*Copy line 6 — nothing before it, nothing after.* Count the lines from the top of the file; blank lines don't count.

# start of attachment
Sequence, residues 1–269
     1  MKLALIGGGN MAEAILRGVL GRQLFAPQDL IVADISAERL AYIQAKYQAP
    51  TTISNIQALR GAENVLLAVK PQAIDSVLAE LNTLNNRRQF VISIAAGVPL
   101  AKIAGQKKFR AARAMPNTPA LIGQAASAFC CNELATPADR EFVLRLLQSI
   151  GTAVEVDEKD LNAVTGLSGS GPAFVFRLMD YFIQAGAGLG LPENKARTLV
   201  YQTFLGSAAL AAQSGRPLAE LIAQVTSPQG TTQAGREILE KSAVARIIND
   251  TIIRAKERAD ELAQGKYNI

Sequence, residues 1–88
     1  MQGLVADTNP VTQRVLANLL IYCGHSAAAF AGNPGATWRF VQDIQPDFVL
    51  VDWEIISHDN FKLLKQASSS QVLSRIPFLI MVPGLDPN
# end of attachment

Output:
   201  YQTFLGSAAL AAQSGRPLAE LIAQVTSPQG TTQAGREILE KSAVARIIND